If reasonable doubt had not been the standard, George Zimmerman might still have gotten acquitted. The prosecution’s case was that bad. At times one almost imagined that the defense had proved its case beyond a reasonable doubt. There was no “depraved mind” or other basis for charging, let alone any reason to convict of second degree murder.
As for manslaughter, there are buckets of reasonable doubt that were spilled in the courtroom, much of it by the prosecution’s own witnesses. There was doubt as to what Trayvon Martin did between his last call and the confrontation. There was plenty of physical evidence, eyewitness testimony and expert testimony that Martin was on top of Zimmerman and delivering quite a beating. The prosecutors had to remove all of that and reasonable doubt as to Zimmerman’s claim of self-defense. They did not come close.
In the hall of shame goes Angela Corey, the prosecutor brought in to get an indictment. She proceeded to overcharge, grandstand and personify abuse of prosecutorial discretion. After the verdict, she delivered a rambling, self-righteous press conference in which she tried to justify her gross overreach. Good luck with that. Corey showed, once again, that the power of prosecutors is awesome and in the wrong hands can do immense harm.
The president’s public identification with the victim was uncalled for and arguably contributed to the prosecute-at-any-cost mentality. The Justice Department, which reportedly assisted pro-Trayvon Martin demonstrators, once again shows itself to be the most politicized in history.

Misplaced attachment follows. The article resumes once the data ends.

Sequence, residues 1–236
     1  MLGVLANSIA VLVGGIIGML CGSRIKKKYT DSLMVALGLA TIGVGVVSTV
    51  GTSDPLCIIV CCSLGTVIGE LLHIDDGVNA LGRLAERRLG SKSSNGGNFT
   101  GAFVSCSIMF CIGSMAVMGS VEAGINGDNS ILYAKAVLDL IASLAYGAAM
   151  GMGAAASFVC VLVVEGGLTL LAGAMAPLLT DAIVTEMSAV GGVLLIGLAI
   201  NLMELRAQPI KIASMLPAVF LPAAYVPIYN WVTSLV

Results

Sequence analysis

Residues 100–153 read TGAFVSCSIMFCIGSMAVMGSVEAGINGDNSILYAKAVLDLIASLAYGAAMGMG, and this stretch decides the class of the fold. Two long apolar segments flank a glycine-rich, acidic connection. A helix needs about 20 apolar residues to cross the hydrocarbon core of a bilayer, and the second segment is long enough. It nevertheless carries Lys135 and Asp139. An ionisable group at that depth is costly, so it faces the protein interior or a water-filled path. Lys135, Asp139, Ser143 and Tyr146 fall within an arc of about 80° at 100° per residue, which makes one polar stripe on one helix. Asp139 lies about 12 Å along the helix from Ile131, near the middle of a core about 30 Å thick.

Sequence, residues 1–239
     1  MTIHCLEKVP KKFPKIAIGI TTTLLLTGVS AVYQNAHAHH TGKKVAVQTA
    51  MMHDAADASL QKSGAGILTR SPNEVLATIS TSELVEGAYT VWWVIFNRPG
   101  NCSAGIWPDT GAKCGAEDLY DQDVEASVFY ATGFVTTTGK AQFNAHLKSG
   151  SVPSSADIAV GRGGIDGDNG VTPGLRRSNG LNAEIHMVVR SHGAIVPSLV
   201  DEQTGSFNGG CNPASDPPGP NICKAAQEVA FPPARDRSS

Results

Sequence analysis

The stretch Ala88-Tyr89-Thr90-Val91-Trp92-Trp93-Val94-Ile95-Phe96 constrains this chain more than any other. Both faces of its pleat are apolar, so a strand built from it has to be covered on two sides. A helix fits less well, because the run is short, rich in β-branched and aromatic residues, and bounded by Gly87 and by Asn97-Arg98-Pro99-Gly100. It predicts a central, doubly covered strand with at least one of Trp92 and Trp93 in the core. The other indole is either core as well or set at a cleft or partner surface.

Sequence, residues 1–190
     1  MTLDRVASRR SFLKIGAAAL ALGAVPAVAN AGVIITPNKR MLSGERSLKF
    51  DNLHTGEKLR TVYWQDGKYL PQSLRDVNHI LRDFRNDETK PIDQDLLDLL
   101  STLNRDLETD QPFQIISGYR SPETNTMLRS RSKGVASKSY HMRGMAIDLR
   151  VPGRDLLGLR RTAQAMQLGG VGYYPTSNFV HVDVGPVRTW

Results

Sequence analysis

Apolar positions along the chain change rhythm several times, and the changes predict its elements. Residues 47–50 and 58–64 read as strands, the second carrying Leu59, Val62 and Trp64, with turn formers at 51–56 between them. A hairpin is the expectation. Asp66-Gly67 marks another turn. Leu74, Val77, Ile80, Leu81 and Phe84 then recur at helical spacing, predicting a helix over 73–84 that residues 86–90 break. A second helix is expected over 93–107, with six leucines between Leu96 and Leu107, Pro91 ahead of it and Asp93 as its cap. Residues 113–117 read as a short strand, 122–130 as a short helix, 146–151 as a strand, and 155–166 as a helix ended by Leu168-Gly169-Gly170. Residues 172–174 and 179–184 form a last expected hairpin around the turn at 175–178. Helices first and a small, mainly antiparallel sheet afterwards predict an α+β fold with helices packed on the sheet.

The press coverage — snatching at half-truths, misconstruing evidence, inferring racial bias in the absence of evidence and openly cheering for a convictions — was generally deplorable. Zimmerman has a lawsuit against NBC, the settlement value of which just went sky-high. The commentators and the producers who put them on should do some soul searching, but they won’t.
The verdict was an exception to this festival of ill will and incompetence. Actually there were six exceptions — the jurors. They ignored all the hoopla, listened to the case and reached the only logical verdict. The jury system is far from perfect in delivering justice, but like democracy it is better than all the other systems.
The lesson of the case for members of the media is that criminal justice is different from punditry: the facts matter. So much of what they scribbled and blabbered about was wrong or irrelevant or both. We do not convict on memes, buzzwords, inferences, accusations or theories.